In another branch, management has been looking for ways to make resource allocation “more efficient”.

In a third Commission department, a senior manager admitted at a staff meeting that staff reductions had taken place before the salary update, but that the situation is bound to get worse now, especially if the inflation continues to rise and wages need to be increased further.

In yet another Commission service, a senior official told staff members that they had problems with human resources because they had taken on more than the places allocated for temporary staff.

Related Issues

The high turnover rate is also starting to be a continuity issue, as the same file is handed over every few months.

One of the sources explains that the management of his department preferred to hire a permanent civil servant rather than two contractual agents to ensure that they could keep the same person in the medium term.

The Commission has tried to fill these gaps through national experts provided by Member State governments, as they bear no cost to the EU institution. A second Commission source said he had direct experience of at least two directorates-general increasingly relying on national experts.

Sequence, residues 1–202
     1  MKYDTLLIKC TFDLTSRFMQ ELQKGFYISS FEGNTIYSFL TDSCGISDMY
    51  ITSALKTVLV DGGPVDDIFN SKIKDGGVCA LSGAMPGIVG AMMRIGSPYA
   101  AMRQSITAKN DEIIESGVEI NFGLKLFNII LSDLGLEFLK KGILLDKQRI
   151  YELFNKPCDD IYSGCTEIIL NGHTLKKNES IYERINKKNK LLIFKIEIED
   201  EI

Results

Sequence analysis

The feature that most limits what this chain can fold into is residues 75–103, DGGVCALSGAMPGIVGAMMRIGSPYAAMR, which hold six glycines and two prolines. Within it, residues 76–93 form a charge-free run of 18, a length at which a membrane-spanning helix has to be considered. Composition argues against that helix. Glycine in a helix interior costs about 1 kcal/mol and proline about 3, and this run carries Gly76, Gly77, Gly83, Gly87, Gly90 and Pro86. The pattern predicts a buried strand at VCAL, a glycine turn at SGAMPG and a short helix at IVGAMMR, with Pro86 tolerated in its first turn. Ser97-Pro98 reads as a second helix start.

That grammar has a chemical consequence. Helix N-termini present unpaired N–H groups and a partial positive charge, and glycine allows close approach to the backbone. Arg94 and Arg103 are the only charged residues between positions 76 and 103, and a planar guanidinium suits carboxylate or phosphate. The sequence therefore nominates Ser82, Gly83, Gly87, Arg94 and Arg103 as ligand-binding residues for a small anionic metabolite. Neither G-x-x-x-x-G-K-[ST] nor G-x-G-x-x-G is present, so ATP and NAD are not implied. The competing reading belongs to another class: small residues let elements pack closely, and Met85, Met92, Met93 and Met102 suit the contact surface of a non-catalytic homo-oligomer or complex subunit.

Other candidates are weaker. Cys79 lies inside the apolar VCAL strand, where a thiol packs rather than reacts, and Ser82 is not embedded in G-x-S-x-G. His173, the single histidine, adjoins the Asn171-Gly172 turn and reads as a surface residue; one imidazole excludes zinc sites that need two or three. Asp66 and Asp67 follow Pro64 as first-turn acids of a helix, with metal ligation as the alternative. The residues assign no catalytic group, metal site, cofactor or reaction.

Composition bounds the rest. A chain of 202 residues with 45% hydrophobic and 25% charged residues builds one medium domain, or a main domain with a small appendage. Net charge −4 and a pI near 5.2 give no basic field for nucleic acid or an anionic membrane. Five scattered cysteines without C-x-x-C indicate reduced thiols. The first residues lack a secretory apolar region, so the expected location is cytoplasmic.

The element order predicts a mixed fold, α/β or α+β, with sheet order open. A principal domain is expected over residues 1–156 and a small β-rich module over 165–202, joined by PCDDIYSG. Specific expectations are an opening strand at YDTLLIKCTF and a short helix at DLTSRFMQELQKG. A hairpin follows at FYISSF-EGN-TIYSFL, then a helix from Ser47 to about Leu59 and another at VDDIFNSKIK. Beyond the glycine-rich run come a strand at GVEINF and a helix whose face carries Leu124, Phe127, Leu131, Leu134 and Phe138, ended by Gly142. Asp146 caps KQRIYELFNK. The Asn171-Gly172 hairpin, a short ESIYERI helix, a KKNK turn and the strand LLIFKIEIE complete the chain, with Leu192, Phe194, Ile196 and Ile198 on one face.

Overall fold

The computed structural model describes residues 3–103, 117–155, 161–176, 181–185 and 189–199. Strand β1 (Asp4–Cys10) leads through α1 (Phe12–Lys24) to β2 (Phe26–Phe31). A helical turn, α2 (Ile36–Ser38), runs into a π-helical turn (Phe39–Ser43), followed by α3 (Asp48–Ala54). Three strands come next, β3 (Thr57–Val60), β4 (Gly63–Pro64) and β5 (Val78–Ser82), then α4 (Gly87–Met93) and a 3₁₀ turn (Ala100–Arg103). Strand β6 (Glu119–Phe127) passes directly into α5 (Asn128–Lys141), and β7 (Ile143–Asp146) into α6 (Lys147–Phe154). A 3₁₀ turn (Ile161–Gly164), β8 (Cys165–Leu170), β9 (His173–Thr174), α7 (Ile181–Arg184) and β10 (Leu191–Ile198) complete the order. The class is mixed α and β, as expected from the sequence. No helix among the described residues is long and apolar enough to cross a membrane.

Still, experts in capitals can be hit-and-miss, according to a third source, as they can be offline or their availability can’t always be planned. Moreover, placing national experts within the Commission gives member states more leverage to influence EU policy-making.

Political implications

According to a fourth source, the load will not be distributed equitably between the different departments but according to internal status and political priorities.

Although the Green Deal is high on the EU agenda, the Directorates-General for Climate Change, Environment and Energy are expected to be among the most affected, although they are already under-served. effective.

In digital policy, the Commission is under pressure to enforce the recently adopted Digital Markets Act, which means that resources will have to be reallocated from other parts of the European public administration.

“The application of the DMA would require around 80 people who would be redeployed internally, if necessary,” a Commission spokesperson told EURACTIV.

On Tuesday 28 June, a group of civil society organizations called on the European Parliament to ask for additional resources to implement the DMA as EU governments decide on next year’s budget in October.

Yet member states’ reluctance to grant more powers and resources to the Commission is a recurring theme in EU decision-making.

For example, a Czech Presidency working paper on the AI ​​law, obtained by EURACTIV, said the option to transfer part of the application into the hands of the EU executive has “practical implications and considerable financial resources.

Niko Kurmayer contributed reporting.

[Edited by Zoran Radosavljevic]